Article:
In an era where local and thorough journalism is indispensable, nonprofit journalism organizations have become a centerpiece in conversations about reporting. Chicago alone has seen the rise of a few nonprofit newsrooms, including City Bureau and Block Club Chicago, which are taking the city’s media landscape by storm.
On Saturday, May 18, the Chicago Journalists Association organized a panel discussion at DePaul University with veteran journalists from some of these nonprofit organizations to dig deeper into their inner workings and learn how this type of coverage could look in the coming years. The panel featured:
- Louise Kiernan (editor-in-chief, ProPublica Illinois)
- Bettina Chang (co-founder, City Bureau)
- Jackie Serrato (journalist, The Chicago Reporter)
- Jared Rutecki (investigative journalist, Better Government Association)
The discussion focused on three main topics: how nonprofit newsrooms are sustainable, how they operate differently than for-profit newsrooms and budgeting within such organizations. All of the panelists agreed that reader impact is an important factor that shapes their coverage.
“How are the readers going to consume the news you’re providing…is it going to have an impact beyond the day that you read the article?” Serrato said. These are questions she regularly asks about her work at The Chicago Reporter.
She also understands how to connect to a community and deliver information that affects readers’ daily lives. In 2009, she created the “La Villita, Chicago” Facebook page, in attempts to bring Little Village residents together and share positive news about the community. Today, the page has more than 130,000 followers.
But unlike for-profit newsrooms, which mainly survive on advertising revenue, nonprofit outlets make most of their money through private foundations. The panelists agreed that this model helps their newsrooms focus more on longer, meaningful stories and less on clicks for advertisers.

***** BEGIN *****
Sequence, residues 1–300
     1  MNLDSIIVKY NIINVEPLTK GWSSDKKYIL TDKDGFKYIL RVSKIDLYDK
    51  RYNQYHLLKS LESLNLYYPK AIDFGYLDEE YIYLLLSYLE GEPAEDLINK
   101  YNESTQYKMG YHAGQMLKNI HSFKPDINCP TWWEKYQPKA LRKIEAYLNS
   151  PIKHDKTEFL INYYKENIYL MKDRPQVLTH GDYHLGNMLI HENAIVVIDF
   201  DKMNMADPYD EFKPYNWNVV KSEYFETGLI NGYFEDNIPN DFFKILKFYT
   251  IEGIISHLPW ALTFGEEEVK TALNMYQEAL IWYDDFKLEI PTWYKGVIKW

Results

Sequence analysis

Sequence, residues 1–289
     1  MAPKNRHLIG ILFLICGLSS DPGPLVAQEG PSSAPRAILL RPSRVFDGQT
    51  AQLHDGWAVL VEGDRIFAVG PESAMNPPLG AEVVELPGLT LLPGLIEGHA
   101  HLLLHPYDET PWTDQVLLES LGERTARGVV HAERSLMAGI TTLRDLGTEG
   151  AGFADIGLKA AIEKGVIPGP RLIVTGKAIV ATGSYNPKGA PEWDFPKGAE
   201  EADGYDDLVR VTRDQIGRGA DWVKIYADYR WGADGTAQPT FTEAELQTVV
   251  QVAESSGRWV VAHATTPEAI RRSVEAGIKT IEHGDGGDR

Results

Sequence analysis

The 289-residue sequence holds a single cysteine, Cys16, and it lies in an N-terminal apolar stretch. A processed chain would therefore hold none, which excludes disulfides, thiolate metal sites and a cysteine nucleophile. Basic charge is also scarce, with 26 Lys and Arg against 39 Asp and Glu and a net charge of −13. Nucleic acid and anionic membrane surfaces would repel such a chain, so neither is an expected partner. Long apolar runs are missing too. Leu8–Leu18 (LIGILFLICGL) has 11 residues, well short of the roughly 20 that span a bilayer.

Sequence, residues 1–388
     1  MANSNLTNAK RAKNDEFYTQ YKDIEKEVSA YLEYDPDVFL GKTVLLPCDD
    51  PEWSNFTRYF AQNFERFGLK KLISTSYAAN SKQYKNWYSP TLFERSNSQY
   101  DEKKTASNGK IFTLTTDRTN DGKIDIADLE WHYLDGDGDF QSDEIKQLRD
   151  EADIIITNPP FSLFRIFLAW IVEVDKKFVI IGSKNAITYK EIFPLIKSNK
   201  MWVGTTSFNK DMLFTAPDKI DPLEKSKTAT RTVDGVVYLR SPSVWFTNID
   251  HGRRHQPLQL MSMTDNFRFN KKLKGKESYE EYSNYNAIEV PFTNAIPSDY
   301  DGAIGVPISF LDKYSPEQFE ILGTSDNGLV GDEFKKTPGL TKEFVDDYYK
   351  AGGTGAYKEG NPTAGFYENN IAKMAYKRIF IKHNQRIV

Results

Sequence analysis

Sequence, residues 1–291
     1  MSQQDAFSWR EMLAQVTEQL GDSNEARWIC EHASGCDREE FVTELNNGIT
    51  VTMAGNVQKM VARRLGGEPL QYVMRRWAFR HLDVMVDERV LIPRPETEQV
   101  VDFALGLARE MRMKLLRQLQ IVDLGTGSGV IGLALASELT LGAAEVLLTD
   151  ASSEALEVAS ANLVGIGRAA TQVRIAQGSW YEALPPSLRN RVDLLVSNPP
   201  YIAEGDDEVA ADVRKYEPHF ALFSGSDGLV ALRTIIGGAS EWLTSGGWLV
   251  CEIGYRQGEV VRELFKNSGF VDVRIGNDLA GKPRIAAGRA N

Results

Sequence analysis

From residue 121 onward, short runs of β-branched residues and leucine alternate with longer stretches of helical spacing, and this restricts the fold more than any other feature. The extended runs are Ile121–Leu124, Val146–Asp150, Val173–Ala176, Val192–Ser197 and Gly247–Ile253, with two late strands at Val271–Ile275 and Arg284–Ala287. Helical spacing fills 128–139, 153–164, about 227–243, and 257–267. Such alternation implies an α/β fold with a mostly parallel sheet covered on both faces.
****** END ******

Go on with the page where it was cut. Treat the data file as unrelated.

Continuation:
However, Chang pointed out that private foundations can be “fickle” when it comes to donations. While they might support a newsroom’s mission and coverage one year, they might feel differently the next year.
“The goal is to always grow the member support to a huge part of your budget,” she said. That way, if funding from foundations does wane, news outlets can continue producing good journalism through subscriptions from dedicated readers.
To help make readers and the community even more dedicated, City Bureau hosts several events, including free Public Newsrooms where journalists and the public can come together to express their concerns on community issues.
“I think the greatest challenge for us…is we still need to persuade people that what we do is something of value and something that they need to support,” Kiernan said about journalism at large, both in nonprofit and for-profit newsrooms. “Not just with their ears and eyes, but with money.”
She further explained that ProPublica had roughly 3,000 online donors in 2015. Now, that number is close to 30,000 supporters, and she attributes the jump to the recent attention around nonprofit media.
The panelists hope nonprofit journalism will continue to be a sustainable model. But Kiernan said an important question is yet to be answered for nonprofit and for-profit newsrooms.
“Can we make that shift in our culture so that people value journalism enough to pay for it, however they pay for it?”
CJA is one of Chicago’s oldest journalism organizations and a 501 (c)(3) nonprofit organization. Membership is free for aspiring, current and retired journalists of Chicago’s editorial departments. To become a member, send a CV/bio to email@example.com.